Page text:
By Michael McLean , (Class of 2010)
Elitism, atrophy, complacence and a resistance to new ideas: MediaCom's Strategy Director Philip Phelan didn't mince words when he pronounced the cause of the newspaper's deteriorating health at the MBS Marketing Association's event Who Killed the Newspaper? this month.
But although dire, the printed newspaper as a medium is not dead yet, and the situation may in fact be beneficial to marketers.
Across the globe, newspapers are failing, and soon LA, Boston, San Francisco or Miami will be the first major US city without a daily newspaper.
Australia is yet to experience the kind of carnage seen elsewhere in the world, but Phelan points out that our model is no more sustainable than America's. With steadily declining readerships and the cost of advertising continuing to rise, he suggests we're due for a correction.
What you're ending up with is the demand for an asset and the valuation of that asset stretching further and further apart. A bubble if you like.
The problem is that online readers are only half as profitable as paper readers. As a consequence, newspapers cut costs, leading to decreased quality. This annoys readers, forcing them to go elsewhere, and the cycle starts again.
So is there a remedy to the newspaper's lingering malady?
Phelan says there's a lot to learn from papers like Melbourne's Herald Sun. Although it too has seen a decline in numbers, it maintains a circulation more than twice that of The Age, and three times that of The Australian.
The reason, he argues, is populism.
Populism gets a bum rap these days, often being associated with idiot presidents and popular dictators. But populism re-discovered is a beautiful thing.
Populism is a believer in the rights, wisdom and virtues of the common people. Populists believe in organizing for popular empowerment - the capacities of the ordinary person to be an agent of their own life, a shaper of their community and the larger world.
Broadsheets in particular have resisted this path because of what he describes as an elitist view of what the news should be. But one has only to look at the monumental success of channel Ten's MasterChef to witness the true power of populist content to draw people back to a declining medium.
At its peak, the reality cooking show attracted an audience of over 4.1 million viewers, destroying the previous record of 3.4 million set five years ago by Ten's Australian Idol.
Phelan says that only by abandoning their elitist attitudes and embracing populism can newspapers begin to rejuvenate their withering numbers. After all, he says, the great strength of newspapers is in their ability to deliver new, surprising and entertaining ideas about the world.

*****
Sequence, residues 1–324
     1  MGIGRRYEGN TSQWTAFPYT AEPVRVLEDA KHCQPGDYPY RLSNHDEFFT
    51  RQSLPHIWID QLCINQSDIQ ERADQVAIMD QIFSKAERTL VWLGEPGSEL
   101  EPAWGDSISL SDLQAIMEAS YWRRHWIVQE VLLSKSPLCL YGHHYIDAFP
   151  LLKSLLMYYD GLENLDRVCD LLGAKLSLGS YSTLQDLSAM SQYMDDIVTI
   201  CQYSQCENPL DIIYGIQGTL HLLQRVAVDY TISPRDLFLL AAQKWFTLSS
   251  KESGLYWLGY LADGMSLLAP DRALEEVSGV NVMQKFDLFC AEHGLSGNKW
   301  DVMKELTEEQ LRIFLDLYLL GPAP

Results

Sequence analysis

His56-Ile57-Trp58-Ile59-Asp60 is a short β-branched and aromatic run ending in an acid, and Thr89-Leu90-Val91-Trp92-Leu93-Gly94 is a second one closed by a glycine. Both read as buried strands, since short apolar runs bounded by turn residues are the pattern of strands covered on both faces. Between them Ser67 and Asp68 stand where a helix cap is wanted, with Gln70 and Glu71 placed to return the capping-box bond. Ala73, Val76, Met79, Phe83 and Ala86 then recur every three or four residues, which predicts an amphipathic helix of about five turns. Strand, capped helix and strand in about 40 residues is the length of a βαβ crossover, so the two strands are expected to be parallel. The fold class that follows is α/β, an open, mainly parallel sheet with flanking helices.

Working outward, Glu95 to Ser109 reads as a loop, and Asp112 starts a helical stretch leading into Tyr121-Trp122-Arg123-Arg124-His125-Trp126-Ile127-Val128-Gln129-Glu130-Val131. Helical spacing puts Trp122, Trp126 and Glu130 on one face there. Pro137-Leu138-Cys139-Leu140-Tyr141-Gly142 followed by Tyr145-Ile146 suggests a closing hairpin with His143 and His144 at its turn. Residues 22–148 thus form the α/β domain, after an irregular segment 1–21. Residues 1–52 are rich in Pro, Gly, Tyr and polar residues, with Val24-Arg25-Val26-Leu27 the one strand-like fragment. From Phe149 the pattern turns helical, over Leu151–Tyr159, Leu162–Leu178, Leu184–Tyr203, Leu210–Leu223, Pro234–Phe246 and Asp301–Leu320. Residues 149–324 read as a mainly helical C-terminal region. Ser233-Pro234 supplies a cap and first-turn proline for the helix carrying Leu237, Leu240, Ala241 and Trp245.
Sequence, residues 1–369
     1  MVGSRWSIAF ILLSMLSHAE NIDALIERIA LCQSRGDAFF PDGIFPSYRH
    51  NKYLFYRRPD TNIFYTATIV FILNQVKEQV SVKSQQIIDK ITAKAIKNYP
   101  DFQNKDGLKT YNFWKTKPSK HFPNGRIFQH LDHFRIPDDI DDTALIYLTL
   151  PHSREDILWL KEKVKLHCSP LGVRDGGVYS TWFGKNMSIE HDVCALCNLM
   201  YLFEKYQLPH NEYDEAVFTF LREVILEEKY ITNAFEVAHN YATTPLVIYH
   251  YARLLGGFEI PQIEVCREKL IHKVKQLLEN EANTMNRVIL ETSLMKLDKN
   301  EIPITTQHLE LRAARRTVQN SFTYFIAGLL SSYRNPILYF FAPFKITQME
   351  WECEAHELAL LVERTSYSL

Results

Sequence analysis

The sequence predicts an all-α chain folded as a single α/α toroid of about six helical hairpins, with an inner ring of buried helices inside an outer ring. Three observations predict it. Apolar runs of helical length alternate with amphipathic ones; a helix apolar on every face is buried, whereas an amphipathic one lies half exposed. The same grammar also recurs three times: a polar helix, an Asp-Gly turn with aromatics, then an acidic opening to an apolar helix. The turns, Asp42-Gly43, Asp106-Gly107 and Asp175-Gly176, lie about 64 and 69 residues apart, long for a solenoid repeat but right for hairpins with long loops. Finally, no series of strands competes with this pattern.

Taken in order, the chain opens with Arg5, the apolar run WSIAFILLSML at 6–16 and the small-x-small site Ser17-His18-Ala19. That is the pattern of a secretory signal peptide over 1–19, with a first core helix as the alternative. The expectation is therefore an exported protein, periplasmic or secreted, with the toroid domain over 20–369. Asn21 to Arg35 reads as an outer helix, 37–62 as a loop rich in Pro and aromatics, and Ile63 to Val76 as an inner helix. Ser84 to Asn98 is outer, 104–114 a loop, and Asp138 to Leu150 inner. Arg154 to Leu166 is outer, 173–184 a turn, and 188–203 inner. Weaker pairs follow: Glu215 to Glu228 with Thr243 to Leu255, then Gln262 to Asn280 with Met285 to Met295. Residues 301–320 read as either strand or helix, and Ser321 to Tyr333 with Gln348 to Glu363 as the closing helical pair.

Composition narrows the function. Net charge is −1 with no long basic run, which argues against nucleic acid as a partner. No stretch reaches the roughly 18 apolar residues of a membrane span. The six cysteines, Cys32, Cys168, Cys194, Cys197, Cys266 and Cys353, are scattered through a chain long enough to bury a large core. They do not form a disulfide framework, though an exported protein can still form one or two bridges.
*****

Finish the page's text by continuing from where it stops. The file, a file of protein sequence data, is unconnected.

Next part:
It's critical for papers and the marketers that use them to remember serendipity - the surprise of learning something you weren't expecting to. Most advertising is about giving a consumer a new idea to think about and ideally do something with.
Another strength is the way readers regard their newspaper as a badge of identity. The genuine affinity many people feel for their newspaper makes the medium an excellent way to target a message, and papers still provide great opportunities for advertising, sponsorship and partnership.
Phelan says that from a media buying perspective there's never been a better time to consider newspaper advertising. He suggests that newspapers are more open to negotiation on cost, flexibility and partnership than ever before.
Exploit the hunger, he says. They need you more than you need them.
He also advises marketers to remember what newspapers are for and how readers use them. The papers lend themselves to the provision of comprehensive and persuasive information. People make time to read them.
Have lots of ideas in your communications - not bill-boards in print. That's what out-of-home is for.
And for those with the budget, he advises briefing the owner groups - not just the papers. Negotiating packages across press, digital and other media forms is more likely to get you an integrated response.
In the end Phelan - who describes himself as a newspaper lover but not a newspaper industry lover - is hopeful that newspapers will turn their plights around.
He says what's truly unique about the paper is it's tangible qualities.
Newspapers offer a physical experience that the internet does not. The touch, the feel, the weight, the size and even the smell of a paper are part of this experience. Ritual and routine are a key part of what keeps people reading newspapers.
He says the more the media owners can heighten and attune the physical experience of the paper to the reader's needs and wants, the greater the loyalty that can be attained.
It's a lesson that's probably just as pertinent to the marketers who advertise in them.